Howard Finster, Appalachian Artist
Howard Finster, Appalachian artist, preacher, and prophet, created folk art that is strange and powerful. Bits of colorful glass and pebbles are inlaid in concrete forms. Bible verses, crudely lettered in black cover various surfaces. The letters curve around the surfaces of gourds and bottles, they scrawl crookedly across wooden panels cut into the shapes of angels. The work is stark and primitive and downright bizarre.
My first introduction to the outsider art of Howard Finster ~ and my only introduction to the man himself ~ was at LaGrange College during the early 1980ís. Mr. Finster was invited to speak at forum. Finster was a crazy bundle of energy: combination revival-tent preacher, snake-oil salesman and vaudeville showman. He was an old-timey evangelist, like something straight out of a Flannery OíConnor short story. There was no denying the manís charisma. He was fascinating to hear. Watching him, one got butterflies in the stomach, a blend of disbelief, excitement and almost of fear ~ the "I-might-have-to-eat-a-live-chicken" brand of fear, to borrow a quote from Steel Magnolias. Once during Finsterís performance, while caught up in the zeal of the moment, he jumped up from the floor onto a tabletop; and I mean a classroom table, not a coffee table. Finster, at that time, must have been at least 65.
As an evangelist, Finster was the real thing. He fully believed the old-timey brand of gospel that he preached. I have no doubt of it. He took all of that wild, zealous energy and translated into a vast body of artwork, much of which comprised Paradise Garden, his small property near Summerville, Georgia. His work traveled far beyond Summerville, though. Beyond that, his work traveled from town to town, state to state. Exhibits of his work appeared in small, local guilds and major museums. One such exhibit came to the Creative Arts Guild in Dalton, Georgia, and there, I had another opportunity to see a large collection of his work. The High Museum of Art in Atlanta has a large segment of its folk-art exhibit devoted to Finster. The Finster exhibit is part of the museumís permanent collection and is arranged in a way that tries to keep the work in context, as it must have been displayed at Paradise Garden.
Is it art? Does it matter? Certainly it is marketable as such. In folk-art circles, some of the larger and rarer Finsters are becoming collectibles, and bring a small fortune now that he is deceased. His smaller pieces used to be quite affordable at $30 or $40, though they, too, have probably sky-rocketed since his death. Art, as defined in the 20th-21st century, comprises a rather broad category of stuff: abstract paintings and sculptures, photo-realism, installation works, earthworks, performance artÖ basically, if itís tagged as "art," itís art. Finster himself probably did not intend his work as "art" ~ certainly not in the highbrow sense of the word. In that respect, as folk art, his work is authentic. Finster was not the stereotypical artist. Yes, he took commissions. There was the R.E.M. album cover and the appearance on The Tonight Show. But Finsterís greatest joy must not have been in the doing of art for artís sake. Rather, his pieces were a way to reach people with his evangelical message. In that respect, his work, as folk art, is authentic. Finster was a prophet of sorts. Finsterís work began with a vision that told him to paint.
Howard Finsterís lifeís work was not art; it was salvation ~ the saving of the human soul. Art, to Finster, was just another medium for bringing the word of Jesus Christ to a hungry public. One of my personal favorite pieces by Howard Finster is his Absolut Vodka piece. An ad campaign for Absolut Vodka, featuring pieces by established artists, ran in Art News (and possibly other art magazines) in the 1980Ďs. Each ad featured a representation of a bottle of Absolut Vodka in an artistís known style; hence, the Howard Finster piece. In typical Finster fashion, the artist covered the bottle in Bible verses. Why miss a chance to "reach" a sinner, as presumably a drinker of vodka must necessarily be, to an old-timey preacher like Finster. Of course, this is a personal assumption on my part ~ that with the Absolut Vodka piece, the tent-preacher-turned-artist was proselytizing: preaching to the crowd; playing his audience.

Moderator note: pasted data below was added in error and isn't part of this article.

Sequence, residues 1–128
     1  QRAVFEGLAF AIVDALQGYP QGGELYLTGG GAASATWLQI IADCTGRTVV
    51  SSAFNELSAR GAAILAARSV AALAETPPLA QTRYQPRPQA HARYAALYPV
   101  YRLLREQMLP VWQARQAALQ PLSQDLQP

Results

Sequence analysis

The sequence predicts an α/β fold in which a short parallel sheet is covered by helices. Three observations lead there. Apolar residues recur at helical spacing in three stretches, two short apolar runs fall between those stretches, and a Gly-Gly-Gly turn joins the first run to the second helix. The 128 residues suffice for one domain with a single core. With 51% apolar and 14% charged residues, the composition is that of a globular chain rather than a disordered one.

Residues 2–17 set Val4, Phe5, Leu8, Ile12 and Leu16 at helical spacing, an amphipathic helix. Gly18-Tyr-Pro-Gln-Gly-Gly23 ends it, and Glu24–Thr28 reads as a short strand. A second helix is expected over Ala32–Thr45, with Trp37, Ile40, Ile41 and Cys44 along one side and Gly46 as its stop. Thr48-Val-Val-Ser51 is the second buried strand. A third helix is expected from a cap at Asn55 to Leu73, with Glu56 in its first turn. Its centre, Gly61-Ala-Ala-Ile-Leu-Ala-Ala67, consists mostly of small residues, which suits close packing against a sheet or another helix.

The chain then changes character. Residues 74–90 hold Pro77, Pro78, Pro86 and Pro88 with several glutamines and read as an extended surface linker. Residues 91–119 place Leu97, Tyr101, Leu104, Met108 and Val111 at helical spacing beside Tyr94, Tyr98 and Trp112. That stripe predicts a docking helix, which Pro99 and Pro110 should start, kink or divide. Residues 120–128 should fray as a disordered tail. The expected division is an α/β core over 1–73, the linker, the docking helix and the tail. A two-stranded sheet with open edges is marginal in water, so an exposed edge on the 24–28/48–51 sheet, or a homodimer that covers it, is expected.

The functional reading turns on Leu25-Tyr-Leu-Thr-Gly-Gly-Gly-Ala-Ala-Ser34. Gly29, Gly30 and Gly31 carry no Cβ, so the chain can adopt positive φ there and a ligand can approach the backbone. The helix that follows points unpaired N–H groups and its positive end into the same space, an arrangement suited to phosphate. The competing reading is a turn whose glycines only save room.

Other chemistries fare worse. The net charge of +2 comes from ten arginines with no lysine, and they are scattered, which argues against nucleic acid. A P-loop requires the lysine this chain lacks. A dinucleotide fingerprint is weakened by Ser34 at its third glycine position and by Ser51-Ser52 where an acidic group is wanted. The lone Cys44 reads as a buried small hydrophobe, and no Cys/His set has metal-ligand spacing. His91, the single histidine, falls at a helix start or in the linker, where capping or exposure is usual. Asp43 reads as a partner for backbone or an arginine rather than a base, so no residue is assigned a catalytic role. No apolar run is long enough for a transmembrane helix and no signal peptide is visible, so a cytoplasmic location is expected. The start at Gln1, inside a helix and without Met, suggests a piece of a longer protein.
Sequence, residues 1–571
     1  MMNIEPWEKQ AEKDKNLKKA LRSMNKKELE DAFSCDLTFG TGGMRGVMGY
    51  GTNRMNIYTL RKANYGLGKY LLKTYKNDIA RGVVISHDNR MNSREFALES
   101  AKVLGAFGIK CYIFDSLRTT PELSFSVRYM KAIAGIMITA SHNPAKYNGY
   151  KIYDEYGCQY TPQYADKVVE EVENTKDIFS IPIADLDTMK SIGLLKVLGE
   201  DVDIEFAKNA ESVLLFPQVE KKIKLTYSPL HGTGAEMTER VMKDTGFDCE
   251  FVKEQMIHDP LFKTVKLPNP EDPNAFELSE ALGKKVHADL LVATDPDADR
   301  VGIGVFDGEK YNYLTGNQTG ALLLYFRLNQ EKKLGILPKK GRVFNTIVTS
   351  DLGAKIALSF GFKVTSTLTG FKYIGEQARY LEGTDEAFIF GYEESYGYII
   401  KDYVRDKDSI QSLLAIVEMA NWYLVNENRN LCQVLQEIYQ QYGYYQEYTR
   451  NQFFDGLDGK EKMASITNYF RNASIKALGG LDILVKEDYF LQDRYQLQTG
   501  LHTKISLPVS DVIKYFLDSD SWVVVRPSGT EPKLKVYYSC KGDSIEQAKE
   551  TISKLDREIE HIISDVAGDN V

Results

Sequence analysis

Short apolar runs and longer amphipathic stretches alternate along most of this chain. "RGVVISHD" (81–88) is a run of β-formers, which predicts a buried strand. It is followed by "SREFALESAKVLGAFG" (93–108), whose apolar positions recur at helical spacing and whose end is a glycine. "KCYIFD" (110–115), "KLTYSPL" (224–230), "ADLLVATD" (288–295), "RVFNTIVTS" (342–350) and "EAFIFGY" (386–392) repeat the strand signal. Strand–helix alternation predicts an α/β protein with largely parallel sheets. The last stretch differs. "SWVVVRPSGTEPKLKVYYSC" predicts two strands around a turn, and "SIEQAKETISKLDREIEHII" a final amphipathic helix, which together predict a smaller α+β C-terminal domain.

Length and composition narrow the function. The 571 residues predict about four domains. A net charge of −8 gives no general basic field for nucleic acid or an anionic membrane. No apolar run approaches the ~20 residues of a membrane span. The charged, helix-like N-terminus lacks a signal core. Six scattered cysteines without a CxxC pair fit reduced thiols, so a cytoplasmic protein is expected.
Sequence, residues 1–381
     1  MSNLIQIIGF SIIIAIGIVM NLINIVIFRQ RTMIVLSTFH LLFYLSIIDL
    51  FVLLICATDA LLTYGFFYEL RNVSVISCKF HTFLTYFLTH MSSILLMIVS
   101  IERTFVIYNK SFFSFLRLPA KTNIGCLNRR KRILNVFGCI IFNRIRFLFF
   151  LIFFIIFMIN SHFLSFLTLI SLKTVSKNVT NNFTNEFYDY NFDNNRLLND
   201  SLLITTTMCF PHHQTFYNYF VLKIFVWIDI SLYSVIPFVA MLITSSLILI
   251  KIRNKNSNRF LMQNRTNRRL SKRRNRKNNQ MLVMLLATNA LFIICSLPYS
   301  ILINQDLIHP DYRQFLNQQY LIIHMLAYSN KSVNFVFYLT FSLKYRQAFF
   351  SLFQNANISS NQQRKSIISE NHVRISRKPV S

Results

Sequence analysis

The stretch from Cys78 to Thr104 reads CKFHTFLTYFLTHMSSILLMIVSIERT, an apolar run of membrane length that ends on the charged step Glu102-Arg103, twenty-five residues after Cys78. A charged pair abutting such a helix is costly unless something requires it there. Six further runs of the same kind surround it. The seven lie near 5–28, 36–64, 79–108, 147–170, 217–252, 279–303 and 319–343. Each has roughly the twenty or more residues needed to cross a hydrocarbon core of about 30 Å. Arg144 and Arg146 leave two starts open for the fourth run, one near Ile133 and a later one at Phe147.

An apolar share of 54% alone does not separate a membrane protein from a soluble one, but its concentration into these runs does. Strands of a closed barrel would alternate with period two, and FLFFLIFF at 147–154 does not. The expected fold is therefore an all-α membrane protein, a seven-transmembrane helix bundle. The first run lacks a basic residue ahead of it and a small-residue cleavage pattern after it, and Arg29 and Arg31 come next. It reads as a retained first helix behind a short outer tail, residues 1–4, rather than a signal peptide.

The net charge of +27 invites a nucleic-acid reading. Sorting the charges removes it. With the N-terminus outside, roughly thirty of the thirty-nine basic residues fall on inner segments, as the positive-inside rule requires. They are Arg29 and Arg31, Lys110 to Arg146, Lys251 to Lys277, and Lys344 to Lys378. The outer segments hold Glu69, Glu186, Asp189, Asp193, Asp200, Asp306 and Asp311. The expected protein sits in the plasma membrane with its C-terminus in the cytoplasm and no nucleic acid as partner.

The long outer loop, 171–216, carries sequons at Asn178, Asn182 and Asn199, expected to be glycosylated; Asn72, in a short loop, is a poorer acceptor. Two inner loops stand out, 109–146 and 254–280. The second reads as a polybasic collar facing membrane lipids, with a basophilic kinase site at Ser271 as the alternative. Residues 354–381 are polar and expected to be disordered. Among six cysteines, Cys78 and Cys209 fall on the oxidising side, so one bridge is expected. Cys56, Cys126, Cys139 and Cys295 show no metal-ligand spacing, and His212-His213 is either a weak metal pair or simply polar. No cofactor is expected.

I also enjoy the irony of his "Elvis at 3 is a angel to me" images. A typical Elvis is painted on a two-foot-tall board or panel, cut into the shape of a miniature Elvis with wings. Elvisí face, in these pieces, generally fails to achieve the angelic beauty that Finster probably saw in the face of the youthful musician. Instead, it often resembles a 40-plus-year old, shoe-polish-haired, side burned Elvis impersonator, complete with a (painted) polyester suit. Aestheticism has left the building. The little-man Elvis figure has a big, black-bordered white circle painted on its stomach, that sports painted lines for clock hands that point to twelve and three (three oíclock). Finsterís titles and themes are rarely in doubt; they are usually painted all over a piece, in crude, black, first-gradey block letters, complete with misspellings. Elvis was a recurrent theme of the artistís, as were angels.
Speaking of angels, my favorite Finster pieces for pure folk beauty is his flying angel ~ an annunciation piece, to utilize formal art-speak. These pieces are large, flat angel cut-outs, somewhat resembling a traditional Christmas-card angel (as attempted by a child artist). The angel, hung by wire or hanging on a nail, floats horizontally in profile and usually has a trumpet held up to its mouth. The robe is painted all over in Bible verses. A large Finster angel, back in the 1980ís, would have sold for less than $500.
If the purpose of art is to enrich the soul, then Finsterís work is art to me. It achieves a peculiar, quirky sort of beauty. It truly is folk art. My life is richer for having seen it.